I’ve got an unfortunate condition of the brain known as Bipolar II. At first, for the longest time, we “just” thought it was depression, and I’d come to terms with that. It seems depression is almost mainstream these days, and much better understood. It was easy to be “out” with that condition. But Bipolar? That’s still a slang term for “crazy,” and I’ve got enough damn people calling me crazy as it is.
Unlike your classic Bipolar that everyone is familiar with, the manic symptoms are quite mild, but the depressive symptoms can be harsh as hell. At times, it felt like my brain was trying to kill me, but that’s only because it was. It would demand things of me like jumping from a cell tower, or diving into a freezing lake… I deferred those urges and released the pressure by cutting myself where no-one could see it.
Thanks to my employer providing good insurance, I’ve got a good team helping me climb my way out of it, and my brain doesn’t tell me that I’m trash as often as it used to. I feel like me again, and the mojo is starting to build just like it always did in the past!
Climbing and especially soloing are where I come to feel at peace. It’s the only place in life where I feel masterful, competent, powerful, or in control of my domain. It’s the best form of self-care that I have, but the repeated failures at the start of my season had stripped me of all that.
Some people call soloing a death wish. Excuse me, but… fuck you. I actually know what a death wish feels like, and soloing saved me from it. Soloing is my ultimate life wish, and it’s given me everything back that my brain tried so hard to take from me. The thought “I hate myself” still drifts through my mind occasionally, but it’s less and less frequent, and it’s lost its bite. Learning to handle my emotions while soloing has helped me disengage from those destructive thought patterns.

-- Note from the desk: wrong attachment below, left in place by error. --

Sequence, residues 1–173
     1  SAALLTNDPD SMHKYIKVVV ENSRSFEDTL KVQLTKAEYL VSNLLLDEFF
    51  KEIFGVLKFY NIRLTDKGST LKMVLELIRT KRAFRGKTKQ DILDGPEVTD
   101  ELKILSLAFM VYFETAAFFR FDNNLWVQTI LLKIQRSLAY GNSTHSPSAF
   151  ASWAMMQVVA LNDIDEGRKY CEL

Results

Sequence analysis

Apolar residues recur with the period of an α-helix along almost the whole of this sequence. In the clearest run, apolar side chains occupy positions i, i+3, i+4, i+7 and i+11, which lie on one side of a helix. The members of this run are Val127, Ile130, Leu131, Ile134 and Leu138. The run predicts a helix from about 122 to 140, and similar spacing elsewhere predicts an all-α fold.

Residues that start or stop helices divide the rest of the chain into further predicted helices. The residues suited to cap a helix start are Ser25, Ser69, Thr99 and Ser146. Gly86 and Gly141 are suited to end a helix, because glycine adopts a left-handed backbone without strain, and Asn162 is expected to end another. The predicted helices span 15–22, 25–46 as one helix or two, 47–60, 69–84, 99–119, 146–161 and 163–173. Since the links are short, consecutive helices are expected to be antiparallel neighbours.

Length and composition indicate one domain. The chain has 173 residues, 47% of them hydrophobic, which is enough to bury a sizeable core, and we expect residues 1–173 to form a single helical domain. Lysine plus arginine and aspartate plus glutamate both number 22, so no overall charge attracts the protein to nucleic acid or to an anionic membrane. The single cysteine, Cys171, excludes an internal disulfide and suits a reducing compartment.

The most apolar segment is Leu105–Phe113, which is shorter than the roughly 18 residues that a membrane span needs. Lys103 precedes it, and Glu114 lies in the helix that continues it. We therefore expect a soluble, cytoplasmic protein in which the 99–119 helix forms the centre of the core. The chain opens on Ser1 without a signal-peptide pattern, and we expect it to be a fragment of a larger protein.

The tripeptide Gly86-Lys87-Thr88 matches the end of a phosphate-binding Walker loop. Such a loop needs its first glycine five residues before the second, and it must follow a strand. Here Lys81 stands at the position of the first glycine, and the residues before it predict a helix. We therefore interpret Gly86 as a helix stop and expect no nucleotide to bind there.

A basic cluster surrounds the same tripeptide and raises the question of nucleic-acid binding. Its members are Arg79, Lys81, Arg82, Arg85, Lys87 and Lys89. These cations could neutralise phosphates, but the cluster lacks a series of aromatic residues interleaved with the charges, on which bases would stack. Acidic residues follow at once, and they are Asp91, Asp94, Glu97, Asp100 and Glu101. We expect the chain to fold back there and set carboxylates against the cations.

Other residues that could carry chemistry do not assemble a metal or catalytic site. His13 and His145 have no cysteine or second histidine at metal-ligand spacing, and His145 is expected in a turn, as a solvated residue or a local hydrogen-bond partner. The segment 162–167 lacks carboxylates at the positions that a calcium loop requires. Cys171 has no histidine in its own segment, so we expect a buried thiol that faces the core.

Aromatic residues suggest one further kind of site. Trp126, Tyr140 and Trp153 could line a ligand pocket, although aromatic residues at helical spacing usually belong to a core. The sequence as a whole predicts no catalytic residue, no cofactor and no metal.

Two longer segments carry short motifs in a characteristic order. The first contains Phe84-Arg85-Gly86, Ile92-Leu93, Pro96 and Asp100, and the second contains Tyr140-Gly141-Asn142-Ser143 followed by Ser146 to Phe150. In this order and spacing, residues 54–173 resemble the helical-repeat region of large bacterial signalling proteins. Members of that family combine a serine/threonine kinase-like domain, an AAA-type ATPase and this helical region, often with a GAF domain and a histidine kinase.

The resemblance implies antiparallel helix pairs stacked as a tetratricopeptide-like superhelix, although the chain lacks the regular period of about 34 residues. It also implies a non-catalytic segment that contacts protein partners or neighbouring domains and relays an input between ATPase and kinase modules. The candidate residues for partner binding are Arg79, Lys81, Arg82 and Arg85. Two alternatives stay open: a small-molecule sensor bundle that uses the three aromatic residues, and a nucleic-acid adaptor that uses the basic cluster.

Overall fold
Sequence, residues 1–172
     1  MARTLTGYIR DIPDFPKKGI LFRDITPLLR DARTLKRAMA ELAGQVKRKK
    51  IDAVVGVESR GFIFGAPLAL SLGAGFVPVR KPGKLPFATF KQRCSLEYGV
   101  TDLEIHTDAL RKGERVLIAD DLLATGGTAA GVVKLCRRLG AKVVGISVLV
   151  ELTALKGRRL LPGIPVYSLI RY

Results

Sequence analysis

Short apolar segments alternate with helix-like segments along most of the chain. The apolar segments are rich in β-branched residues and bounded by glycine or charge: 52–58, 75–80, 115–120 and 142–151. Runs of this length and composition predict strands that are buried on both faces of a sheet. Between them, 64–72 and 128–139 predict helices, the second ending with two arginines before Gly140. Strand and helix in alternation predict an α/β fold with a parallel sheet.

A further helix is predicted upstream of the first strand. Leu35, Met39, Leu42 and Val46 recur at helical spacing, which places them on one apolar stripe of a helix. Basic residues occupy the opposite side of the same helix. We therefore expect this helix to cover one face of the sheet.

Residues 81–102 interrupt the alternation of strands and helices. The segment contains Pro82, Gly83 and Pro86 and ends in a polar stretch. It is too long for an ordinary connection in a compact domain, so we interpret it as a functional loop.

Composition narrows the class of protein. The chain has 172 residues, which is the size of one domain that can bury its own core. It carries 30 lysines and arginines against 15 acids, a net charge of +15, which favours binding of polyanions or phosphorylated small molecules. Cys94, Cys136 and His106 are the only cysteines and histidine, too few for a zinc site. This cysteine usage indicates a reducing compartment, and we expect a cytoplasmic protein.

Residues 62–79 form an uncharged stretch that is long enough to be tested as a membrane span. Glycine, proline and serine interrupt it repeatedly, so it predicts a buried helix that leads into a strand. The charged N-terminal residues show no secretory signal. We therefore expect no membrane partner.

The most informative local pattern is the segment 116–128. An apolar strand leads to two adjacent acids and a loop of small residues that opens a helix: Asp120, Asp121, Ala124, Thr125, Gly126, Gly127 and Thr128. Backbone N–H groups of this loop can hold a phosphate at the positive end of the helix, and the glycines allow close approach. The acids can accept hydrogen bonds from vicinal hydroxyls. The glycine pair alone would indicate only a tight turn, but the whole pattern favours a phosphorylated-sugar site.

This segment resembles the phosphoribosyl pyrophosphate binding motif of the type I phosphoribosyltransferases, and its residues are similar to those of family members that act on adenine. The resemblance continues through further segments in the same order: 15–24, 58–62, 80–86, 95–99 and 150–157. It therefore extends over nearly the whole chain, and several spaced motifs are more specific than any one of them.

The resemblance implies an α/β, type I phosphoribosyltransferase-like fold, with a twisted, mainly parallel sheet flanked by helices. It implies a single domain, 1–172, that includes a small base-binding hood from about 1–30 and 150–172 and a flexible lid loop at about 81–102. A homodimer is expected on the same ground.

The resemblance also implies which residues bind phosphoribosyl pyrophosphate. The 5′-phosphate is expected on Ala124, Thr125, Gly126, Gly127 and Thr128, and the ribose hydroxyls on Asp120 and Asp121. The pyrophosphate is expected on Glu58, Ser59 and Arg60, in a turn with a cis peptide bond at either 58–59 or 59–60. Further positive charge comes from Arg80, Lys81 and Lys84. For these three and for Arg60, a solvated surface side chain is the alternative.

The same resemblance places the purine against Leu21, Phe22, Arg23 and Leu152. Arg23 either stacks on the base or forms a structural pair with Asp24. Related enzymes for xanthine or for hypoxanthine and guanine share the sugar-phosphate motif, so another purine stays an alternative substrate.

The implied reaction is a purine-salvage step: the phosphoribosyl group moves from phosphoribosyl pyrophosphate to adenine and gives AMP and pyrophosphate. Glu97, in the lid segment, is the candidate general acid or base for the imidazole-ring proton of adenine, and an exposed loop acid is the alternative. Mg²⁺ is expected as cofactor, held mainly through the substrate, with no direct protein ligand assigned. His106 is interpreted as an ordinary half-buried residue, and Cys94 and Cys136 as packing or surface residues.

I realize all of this might feel quite alarming to some of you, but trust me… the last thing I want is for my epitaph to read “I told you so,” and besides… there’s this thing called “Free-soloing,” and I really like it. If I died, I wouldn’t get to do that anymore, so falling off just doesn’t make a damned bit of sense if you think about it logically!
En route to the crag on my last day, I fell into a creek crossing and destroyed my phone. As I stumbled downward, I yelled: “FUCK THIS ENTIRE PLACE!!!” A fitting end to a sad week. It’s not often that I can scrabble a week off from work, and this one left me feeling more tired and sad than when I had started. Probably the happiest I’d been all week was when I led a 5.8 as slowly as I could while wearing my approach shoes. Mellow, masterful, relaxed. That’s what I love. I like being able to climb hard, but I hate actually trying to do it.